Albert Einstein, one of the most eminent scientific intellects in history, distilled a profound truth into a concise adage: “Everything is energy and that’s all there is to it.”
This deceptively simple statement unfolds to reveal a universe where, at its most fundamental level, everything we experience — from the tiniest bits of energy and matter that we can’t even see, to the huge and beautiful arrangement of stars and planets in space, from a quick idea that pops into your head to the big, solid bulk of a mountain is made up of energy.
The ongoing conflict between Russia and Ukraine has ushered in unforeseen challenges, particularly emphasizing the critical nature of energy. With the approach of winter across Europe and other regions—a time when many European nations traditionally rely on the flow of affordable natural gas from Russia—energy considerations have surged to the forefront due to the severing of these vital supply lines.
The stark reality of energy’s pivotal role in our world has never been more evident than in this moment of geopolitical strain, illuminating the urgency for sustainable and secure energy strategies.
Coincidentally as the world grapples with the dynamics of the energy landscape the evolving landscape of digital currencies has kicked in and nations are exploring innovative strategies to dovetail cryptocurrency mining into their energy policies.
Cryptocurrency mining, an energy-intensive process, has typically been a subject of concern. However, with strategic planning, it can be woven into national energy frameworks to support economic growth.
Kenya, endowed with an abundance of renewable energy resources, stands poised to lead the way in harmonising energy surplus with innovative usage. By channeling excess electricity into cryptocurrency mining operations, the nation could capitalise on energy that might otherwise remain untapped. Such an initiative serves dual purposes: it utilises the surplus energy efficiently and establishes a consistent demand that enhances grid management strategies.
During a TV appearance, Kenya Power MD Dr Joseph Siror shed light on KPLC’s current operational stance. A noteworthy point from the discussion highlighted the issue of energy imbalance, a situation where the energy expected to be used doesn’t line up with the actual energy used or produced. This unpredictable energy can lead to technical and financial problems for power distributors and their consumers.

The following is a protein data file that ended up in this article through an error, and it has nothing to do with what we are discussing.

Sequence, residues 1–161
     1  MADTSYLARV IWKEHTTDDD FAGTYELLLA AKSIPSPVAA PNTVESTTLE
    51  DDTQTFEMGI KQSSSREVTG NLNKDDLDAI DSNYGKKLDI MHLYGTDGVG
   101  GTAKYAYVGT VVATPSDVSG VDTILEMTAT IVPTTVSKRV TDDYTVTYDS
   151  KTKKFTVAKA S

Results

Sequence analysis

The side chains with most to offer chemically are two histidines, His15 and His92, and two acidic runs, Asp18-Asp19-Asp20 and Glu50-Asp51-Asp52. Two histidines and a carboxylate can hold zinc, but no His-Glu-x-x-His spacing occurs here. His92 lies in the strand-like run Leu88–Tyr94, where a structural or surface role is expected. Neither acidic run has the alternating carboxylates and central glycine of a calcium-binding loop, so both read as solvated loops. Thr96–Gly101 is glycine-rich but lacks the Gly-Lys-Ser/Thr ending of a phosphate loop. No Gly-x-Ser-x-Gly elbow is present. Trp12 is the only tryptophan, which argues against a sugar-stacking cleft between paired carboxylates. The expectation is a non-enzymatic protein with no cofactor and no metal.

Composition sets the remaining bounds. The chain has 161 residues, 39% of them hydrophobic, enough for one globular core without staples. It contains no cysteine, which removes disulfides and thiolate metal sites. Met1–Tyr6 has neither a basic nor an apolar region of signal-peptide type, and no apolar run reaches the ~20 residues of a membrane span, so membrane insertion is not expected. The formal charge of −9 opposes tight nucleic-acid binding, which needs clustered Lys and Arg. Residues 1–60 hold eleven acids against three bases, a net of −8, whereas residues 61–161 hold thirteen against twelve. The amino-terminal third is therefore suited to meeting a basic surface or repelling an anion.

Kenya’s peak power demand stands at approximately 3,000MW, and the country’s ability to meet this demand is often bolstered by renewable sources. However, the variability of renewables means that KPLC sometimes resorts to pricier, thermal-generated electricity to prevent load shedding. Conversely, during periods of low demand, the excess electricity gets wasted.
This situation underscores the potential benefits of integrating non-conventional electricity consumers, like cryptocurrency mining operations, into the energy economy. By doing so, Kenya could not only preserve valuable energy resources but also stabilise and optimise its power supply, setting a precedent for sustainable energy management that could be replicated globally.
The key to successful integration lies in balancing the energy equation. By scheduling mining operations during off-peak hours or using energy from sources that cannot be easily stored or transported, countries can optimise their energy output without compromising the needs of their populations.
For example, nations with significant hydropower potential, like Norway and Canada, are using surplus water flow — which cannot be easily throttled or stored — to generate electricity for mining. This harmonisation of energy production and consumption is a cornerstone of modern energy policies. By monetising excess energy through cryptocurrency mining, countries can inject additional funds into their economies. This model not only subsidizes the cost of energy production but also promotes technological advancement.
To ensure this integration serves national interests without causing environmental harm, robust regulatory frameworks are essential. Policies must be in place to guide the sourcing of energy for mining activities, with a strong preference for renewable sources to mitigate carbon footprints.
The writer is a nuclear scientist and a director at the Kenya Nuclear Regulatory Authority